Last year was a tumultuous one for Ford’s [F] share price, which was on a downward trend even before the coronavirus market sell-off in March 2020. In fact, Ford’s share price spent most of the year in the red. On 23 March — its worst day of trading — Ford’s share price fell to $3.96 before closing at $4.01, marking a 56.1% loss year-to-date and its lowest value since 2009.
Although Ford’s share price eventually managed to recover the bulk of its lost value, it didn’t return to the green until 24 November, when the stock closed at $9.45 — even then it was only up by a slim margin of 3.4%.
More recently, Ford’s share price has shifted up a gear, rallying 23.5% year-to-date as of its 2 February close of $10.86. This makes January 2021 the stock’s best month since July 2009. In fact, after General Motors [GM], Ford is among the best-performing vehicle stocks in the S&P 500, according to Dow Jones market data.
Investors across the wider electric and autonomous vehicle theme will be watching Ford’s share price closely following the release of its fourth-quarter earnings, due 4 February.
How has Ford been performing?
When Ford released its third-quarter earnings on 28 October, it announced earnings of $0.65 per share, nearly three times the Zacks Equity Research consensus estimate of $0.22. The results also marked year-over-year growth of 91.2%. Meanwhile, revenues totalled $37.5bn, beating estimates of $32.49bn by 15.4% and marking year-over-year growth of 1.4%.
Jim Farley, Ford’s president and CEO, credited the better-than-expected result with “higher-than-expected demand for our new vehicles in the quarter at a time when inventories are really low following the virus-related first half factory shutdowns. Now this contributed to a very favourable pricing environment and mix,” he said.
"[Ford saw] higher-than-expected demand for our new vehicles in the quarter at a time when inventories are really low following the virus-related first half factory shutdowns" - Jim Farley, Ford president and CEO
“Together, these factors, plus the strongest performance from Ford Credit in 15 years, led to a total company-adjusted EBIT margin of 9.7%. That's 490 basis points higher than last year.” As a result, the company generated $6.3bn in adjusted free cash flow.
In the five days leading to the earnings call, Ford’s share price dropped 6.2%, closing at $7.70 on 28 October. While it closed slightly higher the day after the release, the earnings didn’t have an immediate effect on Ford’s share price.
Analysts expect Ford to post a loss of $0.08 per share, which would represent a drop of 166.7% year-over-year. On the other hand, revenues for the quarter are expected to total $32.89bn, down 10.3% from the year-ago period.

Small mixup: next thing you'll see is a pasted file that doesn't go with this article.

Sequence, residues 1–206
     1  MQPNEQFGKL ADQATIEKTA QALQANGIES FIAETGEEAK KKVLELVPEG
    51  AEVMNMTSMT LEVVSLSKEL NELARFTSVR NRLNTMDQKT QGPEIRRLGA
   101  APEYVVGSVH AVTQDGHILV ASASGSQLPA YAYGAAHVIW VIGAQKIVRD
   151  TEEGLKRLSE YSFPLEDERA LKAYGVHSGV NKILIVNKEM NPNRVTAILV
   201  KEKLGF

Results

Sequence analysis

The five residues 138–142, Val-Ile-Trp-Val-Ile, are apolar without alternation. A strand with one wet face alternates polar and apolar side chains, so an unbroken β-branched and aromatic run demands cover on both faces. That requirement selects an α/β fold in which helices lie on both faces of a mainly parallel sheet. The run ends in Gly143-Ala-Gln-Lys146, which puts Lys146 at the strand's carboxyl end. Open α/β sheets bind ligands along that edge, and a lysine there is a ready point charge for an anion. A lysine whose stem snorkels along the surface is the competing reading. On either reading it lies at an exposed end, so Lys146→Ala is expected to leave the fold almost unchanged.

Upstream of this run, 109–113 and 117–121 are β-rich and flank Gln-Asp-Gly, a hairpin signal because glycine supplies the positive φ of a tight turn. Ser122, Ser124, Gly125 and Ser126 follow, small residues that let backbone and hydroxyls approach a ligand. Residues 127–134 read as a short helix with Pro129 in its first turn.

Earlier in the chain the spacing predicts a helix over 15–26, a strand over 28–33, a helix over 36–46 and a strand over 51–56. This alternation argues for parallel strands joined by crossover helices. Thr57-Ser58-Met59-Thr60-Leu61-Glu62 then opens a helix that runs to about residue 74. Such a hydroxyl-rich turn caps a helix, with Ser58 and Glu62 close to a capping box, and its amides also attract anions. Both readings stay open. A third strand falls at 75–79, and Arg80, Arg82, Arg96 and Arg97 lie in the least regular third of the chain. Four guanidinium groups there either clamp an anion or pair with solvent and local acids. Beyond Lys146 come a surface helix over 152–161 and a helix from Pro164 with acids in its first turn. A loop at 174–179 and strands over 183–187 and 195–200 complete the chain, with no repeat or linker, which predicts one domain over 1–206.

As a blue-chip company, Ford’s performance is a significant marker for thematic ETFs such as the Global X Autonomous & Electric Vehicles ETF [DRIV] — the growth of which has far outpaced Ford’s share price. By the end of 2020, DRIV was up 62.7% year-to-date compared to Ford’s 3.8% loss for the same period.
For the full year, Wall Street expects Ford will post a loss of $0.03 per share — down 75% year-over-year from the same period in 2019 — and revenues of $119.48bn.
Could a stronger EV offering continue to boost demand?
Ford and other traditional automakers have been losing out to industry disrupters like Tesla as investors have found pure-play EV companies more appealing thanks to their growth prospects.
According to Bernstein Research, electric cars made up 3% of global vehicle sales in 2020. The Wall Street Journal reports that “analysts expect that share to grow while sales of gasoline- and diesel-powered vehicles decline”.
In a research note seen by the Wall Street Journal, Brian Johnson, analyst with Barclays, wrote that investors’ enthusiasm for the EV market should last well into 2021. He said they are likely to be boosted by US president Joe Biden’s support for charging stations and other proposals that may encourage faster adoption of plug-in cars.
“To start with, we're developing all-new electric versions of the F-150 and the Transit, the two most important, highest-volume commercial vehicles in our industry,” said Farley in the Q3 earnings call.
"we're developing all-new electric versions of the F-150 and the Transit, the two most important, highest-volume commercial vehicles in our industry" - Jim Farley, Ford president and CEO
Although investors believe Ford’s EV plans are lacking when compared to its rival General Motors, Ford’s share price has lifted following the news of plans to produce the E-Transit, its own electric cargo van, as well as a plug-in hybrid version of the F-150 pickup truck.
Regardless of who is currently in the lead, the EV race is far from over. As traditional manufacturers take the consumer shift to all-electric cars more seriously, it would appear there is plenty of potential for the market ahead.